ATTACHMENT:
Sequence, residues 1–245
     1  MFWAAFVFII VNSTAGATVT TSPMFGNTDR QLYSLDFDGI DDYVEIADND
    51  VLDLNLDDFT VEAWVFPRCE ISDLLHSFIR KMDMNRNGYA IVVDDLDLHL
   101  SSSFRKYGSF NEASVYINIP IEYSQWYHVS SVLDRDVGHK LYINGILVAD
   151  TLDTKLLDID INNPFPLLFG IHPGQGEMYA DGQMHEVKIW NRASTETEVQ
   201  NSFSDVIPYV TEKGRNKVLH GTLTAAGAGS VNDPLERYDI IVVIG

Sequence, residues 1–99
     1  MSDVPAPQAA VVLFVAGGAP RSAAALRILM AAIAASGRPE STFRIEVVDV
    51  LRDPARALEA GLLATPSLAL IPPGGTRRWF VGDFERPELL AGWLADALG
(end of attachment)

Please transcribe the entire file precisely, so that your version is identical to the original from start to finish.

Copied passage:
Sequence, residues 1–245
     1  MFWAAFVFII VNSTAGATVT TSPMFGNTDR QLYSLDFDGI DDYVEIADND
    51  VLDLNLDDFT VEAWVFPRCE ISDLLHSFIR KMDMNRNGYA IVVDDLDLHL
   101  SSSFRKYGSF NEASVYINIP IEYSQWYHVS SVLDRDVGHK LYINGILVAD
   151  TLDTKLLDID INNPFPLLFG IHPGQGEMYA DGQMHEVKIW NRASTETEVQ
   201  NSFSDVIPYV TEKGRNKVLH GTLTAAGAGS VNDPLERYDI IVVIG

Sequence, residues 1–99
     1  MSDVPAPQAA VVLFVAGGAP RSAAALRILM AAIAASGRPE STFRIEVVDV
    51  LRDPARALEA GLLATPSLAL IPPGGTRRWF VGDFERPELL AGWLADALG